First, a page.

International Macroeconomics, Money & Banking, Senior Fellows/Fellows
Understanding Bank Runs: The Importance of Depositor-Bank Relationships and Networks
We use a unique, new, database to examine micro depositor level data for a bank that faced a run. We use minute-by-minute depositor withdrawal data to understand the effectiveness of deposit insurance, the role of social networks, and the importance of bank-depositor relationships in influencing depositor propensity to run. We employ methods from the epidemiology literature which examine how diseases spread to estimate transmission probabilities of depositors running, and the significant underlying factors. We find that deposit insurance is only partially effective in preventing bank runs. Further, our results suggest that social network effects are important but are mitigated by other factors, in particular the length and depth of the bank-depositor relationship. Depositors with longer relationships and those who have availed of loans from a bank are less likely to run during a crisis, suggesting that cross-selling acts not just as a revenue generator but also as a complementary insurance mechanism for the bank. Finally, we find there are long term effects of a solvent bank run in that depositors who run do not return back to the bank. Our results help understand the underlying dynamics of bank runs and hold important policy implications.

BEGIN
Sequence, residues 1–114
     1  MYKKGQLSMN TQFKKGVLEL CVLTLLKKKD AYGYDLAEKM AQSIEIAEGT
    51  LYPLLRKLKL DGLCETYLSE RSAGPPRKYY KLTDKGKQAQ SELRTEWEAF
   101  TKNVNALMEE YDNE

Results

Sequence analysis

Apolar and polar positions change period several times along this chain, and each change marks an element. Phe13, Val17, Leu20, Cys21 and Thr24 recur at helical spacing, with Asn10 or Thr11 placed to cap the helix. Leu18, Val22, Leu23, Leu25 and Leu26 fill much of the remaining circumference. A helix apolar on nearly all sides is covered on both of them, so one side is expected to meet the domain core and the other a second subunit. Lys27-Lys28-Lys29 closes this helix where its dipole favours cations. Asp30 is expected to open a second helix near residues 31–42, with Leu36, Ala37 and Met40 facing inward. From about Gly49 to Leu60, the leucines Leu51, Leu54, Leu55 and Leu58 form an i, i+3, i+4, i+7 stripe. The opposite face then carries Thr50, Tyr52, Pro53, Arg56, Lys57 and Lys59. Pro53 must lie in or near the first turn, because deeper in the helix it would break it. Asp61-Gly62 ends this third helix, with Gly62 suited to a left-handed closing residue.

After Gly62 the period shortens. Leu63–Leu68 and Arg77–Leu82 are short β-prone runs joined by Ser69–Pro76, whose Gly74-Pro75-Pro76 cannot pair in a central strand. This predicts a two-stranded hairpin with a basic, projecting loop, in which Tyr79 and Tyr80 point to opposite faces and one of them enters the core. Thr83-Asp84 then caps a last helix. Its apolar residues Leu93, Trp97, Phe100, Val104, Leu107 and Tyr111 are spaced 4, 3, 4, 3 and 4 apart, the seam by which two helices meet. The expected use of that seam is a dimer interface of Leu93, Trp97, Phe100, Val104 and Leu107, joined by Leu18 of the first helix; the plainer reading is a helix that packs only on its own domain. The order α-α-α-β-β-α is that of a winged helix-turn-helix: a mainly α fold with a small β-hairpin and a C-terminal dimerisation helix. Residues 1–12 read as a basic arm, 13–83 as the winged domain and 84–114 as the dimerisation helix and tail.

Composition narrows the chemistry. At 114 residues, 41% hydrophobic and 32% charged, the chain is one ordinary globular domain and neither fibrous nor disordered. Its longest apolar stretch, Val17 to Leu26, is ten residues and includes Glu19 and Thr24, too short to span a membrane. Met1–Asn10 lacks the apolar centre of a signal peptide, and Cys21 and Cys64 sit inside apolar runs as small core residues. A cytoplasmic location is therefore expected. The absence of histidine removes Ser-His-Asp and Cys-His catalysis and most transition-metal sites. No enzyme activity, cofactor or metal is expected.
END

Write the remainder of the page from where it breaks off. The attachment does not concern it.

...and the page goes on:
bank runs, depositor behavior, social networks